4. Mechanical  1820s Physical Cycle top    

4. Mechanical  1820s Emotional Cycle top    

4. Mechanical  1820s Intellectual Cycle top    

4. Mechanical  1820s Polyrhythms top    

 

Intellectual 1st Qtr. Foundation (1819 - 1830)

Mechanical pressing of glass, the first technical innovation in glassmaking since ancient times, was introduced into American factories.  The change enable production of intricately designed glassware.  Famous glassworks established this year by Deming Jarves at Sandwich, Mass., were noted for their large-scale production of pressed glass.

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1823 First gymnasium to offer systematic instruction is started by the Round Hill School in Northampton, Mass. Gymnastics is scheduled from 5 to 7 pm.

1826 Charles Follen, and instructor at Harvard, introduces physical education into college education.

5. Education  1820s Physical Cycle top    

5. Education  1820s Emotional Cycle top    

 

Emotional 2nd Qtr. Expansion (1820 - 1829)

1825 A significant force in early frontier education is the American Tract Society. It circulates religious literature by means of circuit riders.

and the American Home Missionary Society (1826).

The American Tract Society Formed in Boston in 1814, in Philadelphia in 1815 and in New York in 1817.  It circulated Religious Literature via circuit riders by 1817 setting a religious literary precedent in the early frontier

5. Education  1820s Intellectual Cycle top    

1825 A significant force in early frontier education is the American Tract Society. It circulates religious literature by means of circuit riders.

and the American Home Missionary Society (1826).

The American Tract Society Formed in Boston in 1814, in Philadelphia in 1815 and in New York in 1817.  It circulated Religious Literature via circuit riders by 1817 setting a religious literary precedent in the early frontier

Intellectual 1st Qtr. Foundation (1819 - 1830)

What When p. 230  Important improvement in education in the early nineteenth century, especially education of women, were the result of the efforts of Emma Willard.  In 1807, when only 20, she took charge of the female Academy at Middlebury, Bt.  She opened school of her own in 1814.  There she taught subjects not otherwise available to women.  An appeal to the New York State leg. in 181 to support her plan for improving the education of women induced Gov. De Witt Clinton to invite Mrs. Willard to move to NY.  she accepted, and opened a school at Waterford in 1819.  In 1821 she moved to Troy and established the Troy Fevale Academy.  Mrs. Willard wrote textbooks and a volume of poems (1831), which included the popular “Rocked in the Cradle of the Deep.”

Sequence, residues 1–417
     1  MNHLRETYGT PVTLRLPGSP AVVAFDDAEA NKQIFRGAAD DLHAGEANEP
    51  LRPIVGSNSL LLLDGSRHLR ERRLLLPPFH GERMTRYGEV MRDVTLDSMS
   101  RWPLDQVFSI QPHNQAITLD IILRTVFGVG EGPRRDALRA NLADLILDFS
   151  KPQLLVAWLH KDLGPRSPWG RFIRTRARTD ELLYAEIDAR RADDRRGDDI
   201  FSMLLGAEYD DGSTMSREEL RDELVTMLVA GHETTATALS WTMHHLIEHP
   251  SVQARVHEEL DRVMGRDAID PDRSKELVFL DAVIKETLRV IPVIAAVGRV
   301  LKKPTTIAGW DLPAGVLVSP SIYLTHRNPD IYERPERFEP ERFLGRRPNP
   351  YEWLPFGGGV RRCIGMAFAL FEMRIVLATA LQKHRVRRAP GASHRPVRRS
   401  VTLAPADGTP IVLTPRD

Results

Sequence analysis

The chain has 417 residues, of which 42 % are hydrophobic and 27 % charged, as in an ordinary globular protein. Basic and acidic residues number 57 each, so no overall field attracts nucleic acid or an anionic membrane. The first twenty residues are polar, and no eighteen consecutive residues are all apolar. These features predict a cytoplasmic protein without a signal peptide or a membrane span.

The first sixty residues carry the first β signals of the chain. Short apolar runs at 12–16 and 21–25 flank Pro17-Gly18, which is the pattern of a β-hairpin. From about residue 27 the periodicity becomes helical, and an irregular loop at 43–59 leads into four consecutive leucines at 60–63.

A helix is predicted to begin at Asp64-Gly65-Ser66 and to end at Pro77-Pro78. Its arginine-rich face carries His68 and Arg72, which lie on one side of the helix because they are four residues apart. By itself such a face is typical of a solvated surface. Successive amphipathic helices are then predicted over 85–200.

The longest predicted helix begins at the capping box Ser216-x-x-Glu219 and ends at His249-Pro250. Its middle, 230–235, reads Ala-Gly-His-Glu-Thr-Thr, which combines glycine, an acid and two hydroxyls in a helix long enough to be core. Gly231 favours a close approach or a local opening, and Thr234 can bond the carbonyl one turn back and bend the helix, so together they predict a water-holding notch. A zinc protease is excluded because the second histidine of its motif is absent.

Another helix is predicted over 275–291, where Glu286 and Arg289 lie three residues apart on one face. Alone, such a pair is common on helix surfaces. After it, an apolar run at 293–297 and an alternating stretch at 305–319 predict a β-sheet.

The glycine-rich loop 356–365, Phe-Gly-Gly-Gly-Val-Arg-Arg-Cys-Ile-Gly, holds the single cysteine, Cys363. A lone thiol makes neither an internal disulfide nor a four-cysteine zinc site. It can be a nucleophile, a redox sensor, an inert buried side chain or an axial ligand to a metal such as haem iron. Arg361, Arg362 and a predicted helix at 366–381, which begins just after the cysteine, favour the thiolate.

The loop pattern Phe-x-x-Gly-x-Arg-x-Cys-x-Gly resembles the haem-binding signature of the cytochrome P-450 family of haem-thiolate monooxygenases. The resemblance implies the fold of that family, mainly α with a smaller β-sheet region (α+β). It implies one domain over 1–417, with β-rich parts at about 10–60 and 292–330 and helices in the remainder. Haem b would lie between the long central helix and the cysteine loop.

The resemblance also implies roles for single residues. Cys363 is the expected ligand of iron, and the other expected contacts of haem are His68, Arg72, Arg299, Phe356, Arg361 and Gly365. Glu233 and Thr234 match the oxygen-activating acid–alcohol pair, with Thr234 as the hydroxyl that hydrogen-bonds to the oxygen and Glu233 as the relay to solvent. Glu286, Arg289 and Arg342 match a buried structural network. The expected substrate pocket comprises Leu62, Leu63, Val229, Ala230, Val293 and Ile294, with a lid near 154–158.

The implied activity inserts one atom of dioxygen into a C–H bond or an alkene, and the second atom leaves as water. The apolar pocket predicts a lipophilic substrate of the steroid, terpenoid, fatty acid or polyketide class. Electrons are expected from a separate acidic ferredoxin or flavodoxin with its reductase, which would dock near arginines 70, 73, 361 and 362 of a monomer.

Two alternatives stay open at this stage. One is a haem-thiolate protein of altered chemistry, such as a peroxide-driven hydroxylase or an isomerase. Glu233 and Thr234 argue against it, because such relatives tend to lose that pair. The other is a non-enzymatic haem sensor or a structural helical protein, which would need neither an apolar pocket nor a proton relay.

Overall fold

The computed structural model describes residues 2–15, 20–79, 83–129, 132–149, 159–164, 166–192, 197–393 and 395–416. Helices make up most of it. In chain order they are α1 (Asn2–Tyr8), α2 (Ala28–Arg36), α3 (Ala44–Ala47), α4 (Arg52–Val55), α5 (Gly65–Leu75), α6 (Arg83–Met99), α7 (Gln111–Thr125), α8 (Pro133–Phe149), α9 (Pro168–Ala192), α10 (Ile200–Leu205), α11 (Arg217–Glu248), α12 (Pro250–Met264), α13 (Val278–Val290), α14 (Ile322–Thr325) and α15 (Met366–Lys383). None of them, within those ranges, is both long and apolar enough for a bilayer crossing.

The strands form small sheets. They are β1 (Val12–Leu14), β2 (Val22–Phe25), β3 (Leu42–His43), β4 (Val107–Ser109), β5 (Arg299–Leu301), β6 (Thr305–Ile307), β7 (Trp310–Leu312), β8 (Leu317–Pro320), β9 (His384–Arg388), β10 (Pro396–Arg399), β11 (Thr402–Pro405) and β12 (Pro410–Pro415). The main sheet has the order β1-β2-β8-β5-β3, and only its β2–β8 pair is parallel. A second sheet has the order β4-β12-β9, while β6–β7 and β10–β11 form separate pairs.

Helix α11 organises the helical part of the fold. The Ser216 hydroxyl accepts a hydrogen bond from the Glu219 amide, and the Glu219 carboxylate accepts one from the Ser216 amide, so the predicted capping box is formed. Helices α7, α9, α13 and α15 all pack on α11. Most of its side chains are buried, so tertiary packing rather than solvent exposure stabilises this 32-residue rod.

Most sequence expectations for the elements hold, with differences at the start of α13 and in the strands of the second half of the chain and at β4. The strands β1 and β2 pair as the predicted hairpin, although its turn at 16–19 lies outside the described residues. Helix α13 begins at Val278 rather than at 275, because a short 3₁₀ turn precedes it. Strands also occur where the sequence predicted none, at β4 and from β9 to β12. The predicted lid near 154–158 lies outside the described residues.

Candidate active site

1821-27 First high school in US established in Boston, 1821, w/broad, liberal curriculum. Mass. act of 1827 required every town of 500 farms to established a high school.

1821 First public high school, English Classical School, is established in Boston.

1822 Hobart College is established in Geneva, NY. It offers an "English Course" designed for "the practical business of life." First course diploma, in English, is awarded in 1827.

1824 America's first school of science and engineering opens. It is later called Rensselaer Polytechnic Institute.

10/2/24 In Troy, New York, the Rensselaer School of Theoretical and Practical Science is established.  The school is remarkable for its innovative curriculum of science and engineering courses, rather than the customary fare of classical studies.